The inconspicuously named 23rd Avenue in the outlying neighbourhood of Berino is blessed with one of the most spectacular views in all of Sensuka. The street runs along the crest of the high hilltop upon which Berino is situated, and then snakes its way downwards in a progression of wide curves in the direction of the city centre. On clear evenings, the sun’s dying rays fall upon the paving stones in such a way that 23rd Avenue appears as a curling ribbon of burnished gold, drawing the eye down towards the reddening tops of the city spires and the shimmering sea beyond.
Berino is not a wealthy neighbourhood, however, far from it, and for the residents of 23rd Avenue returning home after another soul-crushing workday, one that in many cases began well before sunrise, this beautiful evening spectacle can sometimes seem more of an irritation than anything else. One has the slightly oppressive sense that one ought to stop for a moment and contemplate the view; its insistent magnificence appears almost to demand it. The glowing sunbeams seem to tap importunately at one’s shoulder, pestering for one’s attention.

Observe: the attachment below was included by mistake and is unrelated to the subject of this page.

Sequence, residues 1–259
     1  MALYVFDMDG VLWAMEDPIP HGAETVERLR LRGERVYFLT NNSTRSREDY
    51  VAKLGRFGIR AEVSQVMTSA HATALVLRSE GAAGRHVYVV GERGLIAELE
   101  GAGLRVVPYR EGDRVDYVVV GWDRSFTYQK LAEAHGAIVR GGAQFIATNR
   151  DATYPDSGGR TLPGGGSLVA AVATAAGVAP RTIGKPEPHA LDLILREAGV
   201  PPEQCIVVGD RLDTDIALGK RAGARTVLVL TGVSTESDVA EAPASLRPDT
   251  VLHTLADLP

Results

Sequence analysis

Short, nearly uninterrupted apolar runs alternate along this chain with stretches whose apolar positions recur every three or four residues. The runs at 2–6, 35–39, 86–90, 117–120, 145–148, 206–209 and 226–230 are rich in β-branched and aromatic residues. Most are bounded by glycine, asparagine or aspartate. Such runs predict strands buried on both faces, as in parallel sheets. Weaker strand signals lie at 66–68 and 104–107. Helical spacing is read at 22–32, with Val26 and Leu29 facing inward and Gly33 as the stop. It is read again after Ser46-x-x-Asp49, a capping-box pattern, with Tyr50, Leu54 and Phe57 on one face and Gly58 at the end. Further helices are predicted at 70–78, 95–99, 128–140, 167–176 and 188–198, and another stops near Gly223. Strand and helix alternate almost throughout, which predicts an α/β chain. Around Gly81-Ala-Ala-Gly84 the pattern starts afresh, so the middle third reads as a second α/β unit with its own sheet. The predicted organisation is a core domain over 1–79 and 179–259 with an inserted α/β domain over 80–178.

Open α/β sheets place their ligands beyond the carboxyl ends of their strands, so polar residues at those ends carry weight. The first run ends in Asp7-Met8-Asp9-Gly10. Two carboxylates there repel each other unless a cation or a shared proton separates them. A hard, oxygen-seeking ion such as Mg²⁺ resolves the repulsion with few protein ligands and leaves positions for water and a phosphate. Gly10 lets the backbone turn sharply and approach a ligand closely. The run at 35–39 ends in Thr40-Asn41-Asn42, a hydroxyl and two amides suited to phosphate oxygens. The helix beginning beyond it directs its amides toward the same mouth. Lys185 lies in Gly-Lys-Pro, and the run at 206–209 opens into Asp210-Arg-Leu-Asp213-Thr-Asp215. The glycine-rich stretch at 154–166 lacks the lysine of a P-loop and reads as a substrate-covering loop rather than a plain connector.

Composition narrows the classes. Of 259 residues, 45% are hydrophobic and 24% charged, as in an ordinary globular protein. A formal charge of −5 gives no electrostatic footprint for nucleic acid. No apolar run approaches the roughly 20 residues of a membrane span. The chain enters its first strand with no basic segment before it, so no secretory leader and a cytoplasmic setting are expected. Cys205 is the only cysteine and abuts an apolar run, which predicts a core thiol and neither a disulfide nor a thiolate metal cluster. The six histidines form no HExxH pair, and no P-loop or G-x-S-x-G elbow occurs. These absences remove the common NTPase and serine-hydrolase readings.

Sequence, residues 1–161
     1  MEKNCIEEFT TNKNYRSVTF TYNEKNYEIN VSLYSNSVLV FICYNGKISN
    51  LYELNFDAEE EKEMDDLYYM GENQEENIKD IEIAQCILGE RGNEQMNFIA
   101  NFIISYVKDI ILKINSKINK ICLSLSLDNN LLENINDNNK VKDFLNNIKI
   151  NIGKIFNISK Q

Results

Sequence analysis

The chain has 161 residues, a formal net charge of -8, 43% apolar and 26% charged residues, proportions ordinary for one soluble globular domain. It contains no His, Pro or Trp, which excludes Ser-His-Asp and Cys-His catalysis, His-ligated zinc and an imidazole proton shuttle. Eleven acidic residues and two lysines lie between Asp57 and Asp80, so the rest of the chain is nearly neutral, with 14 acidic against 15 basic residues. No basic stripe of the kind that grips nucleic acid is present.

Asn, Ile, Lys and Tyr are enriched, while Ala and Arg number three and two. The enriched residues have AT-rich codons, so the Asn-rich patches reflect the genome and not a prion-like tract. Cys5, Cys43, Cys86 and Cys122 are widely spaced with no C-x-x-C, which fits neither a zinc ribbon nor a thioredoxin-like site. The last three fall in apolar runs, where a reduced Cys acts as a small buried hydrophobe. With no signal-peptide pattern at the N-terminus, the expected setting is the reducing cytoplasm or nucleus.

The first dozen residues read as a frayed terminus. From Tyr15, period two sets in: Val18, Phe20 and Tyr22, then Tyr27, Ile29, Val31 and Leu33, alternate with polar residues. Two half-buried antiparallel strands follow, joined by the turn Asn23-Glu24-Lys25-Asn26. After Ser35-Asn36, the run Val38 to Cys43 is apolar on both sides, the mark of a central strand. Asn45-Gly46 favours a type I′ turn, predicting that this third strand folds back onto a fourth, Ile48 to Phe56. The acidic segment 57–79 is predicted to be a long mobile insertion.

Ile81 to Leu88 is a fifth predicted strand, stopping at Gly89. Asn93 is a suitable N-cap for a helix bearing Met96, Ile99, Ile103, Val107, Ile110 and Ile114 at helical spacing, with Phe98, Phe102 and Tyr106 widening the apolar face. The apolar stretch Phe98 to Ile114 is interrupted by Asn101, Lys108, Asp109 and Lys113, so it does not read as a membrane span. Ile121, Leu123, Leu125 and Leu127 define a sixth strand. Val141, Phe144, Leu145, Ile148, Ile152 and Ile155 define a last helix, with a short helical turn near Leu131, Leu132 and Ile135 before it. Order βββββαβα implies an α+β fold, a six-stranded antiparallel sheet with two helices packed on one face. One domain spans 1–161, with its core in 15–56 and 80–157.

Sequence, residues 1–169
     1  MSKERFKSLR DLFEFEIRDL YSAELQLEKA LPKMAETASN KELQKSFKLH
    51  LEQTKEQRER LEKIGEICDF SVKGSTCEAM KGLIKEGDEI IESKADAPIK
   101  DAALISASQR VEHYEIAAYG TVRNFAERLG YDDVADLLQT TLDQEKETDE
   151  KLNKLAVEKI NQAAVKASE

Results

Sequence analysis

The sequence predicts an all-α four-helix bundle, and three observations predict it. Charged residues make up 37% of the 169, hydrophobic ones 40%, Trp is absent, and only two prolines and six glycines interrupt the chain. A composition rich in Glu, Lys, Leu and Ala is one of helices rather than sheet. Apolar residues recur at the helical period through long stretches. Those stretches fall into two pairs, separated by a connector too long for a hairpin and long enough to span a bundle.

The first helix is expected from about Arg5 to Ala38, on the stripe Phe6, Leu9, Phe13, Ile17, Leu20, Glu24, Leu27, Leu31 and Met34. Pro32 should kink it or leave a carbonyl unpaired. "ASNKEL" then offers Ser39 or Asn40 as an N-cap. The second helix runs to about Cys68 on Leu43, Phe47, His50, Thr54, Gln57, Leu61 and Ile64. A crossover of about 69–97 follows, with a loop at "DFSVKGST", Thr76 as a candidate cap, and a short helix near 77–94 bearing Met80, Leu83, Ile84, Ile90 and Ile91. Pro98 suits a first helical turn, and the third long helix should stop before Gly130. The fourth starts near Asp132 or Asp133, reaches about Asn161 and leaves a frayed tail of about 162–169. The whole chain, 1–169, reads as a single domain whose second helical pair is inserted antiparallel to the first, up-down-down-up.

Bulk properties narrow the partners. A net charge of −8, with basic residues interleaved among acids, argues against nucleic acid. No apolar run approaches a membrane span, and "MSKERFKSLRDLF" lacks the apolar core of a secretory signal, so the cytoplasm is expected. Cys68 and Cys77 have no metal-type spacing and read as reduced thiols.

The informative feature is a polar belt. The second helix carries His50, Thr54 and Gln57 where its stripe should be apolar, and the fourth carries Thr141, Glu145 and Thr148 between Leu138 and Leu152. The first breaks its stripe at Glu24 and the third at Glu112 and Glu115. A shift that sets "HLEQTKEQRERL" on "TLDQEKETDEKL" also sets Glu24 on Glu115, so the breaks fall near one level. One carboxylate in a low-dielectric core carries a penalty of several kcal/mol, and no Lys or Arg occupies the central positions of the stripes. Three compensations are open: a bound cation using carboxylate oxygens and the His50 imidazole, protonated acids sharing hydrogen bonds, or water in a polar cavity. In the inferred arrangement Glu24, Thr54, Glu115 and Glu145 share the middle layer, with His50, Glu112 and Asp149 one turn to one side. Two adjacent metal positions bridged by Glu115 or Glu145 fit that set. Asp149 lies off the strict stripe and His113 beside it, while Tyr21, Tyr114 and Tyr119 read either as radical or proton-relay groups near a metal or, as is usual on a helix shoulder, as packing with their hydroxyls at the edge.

And so one finally turns, and looks. It really is breathtaking, even after all these years. And there comes again that vague impression, the one we had once found so inspiring, that all of this beauty, laid out with such sumptuousness before us, constitutes a kind of homily, an exhortation perhaps to cast one’s sight on greater truths, on those grand, fundamental things that make life truly worth living. But what are they? Where are they? And what has the contemplation of this beauty ever given us, really? In the long run, nothing but bitterness.
(Stop by again next Tuesday for another “imaginary view”)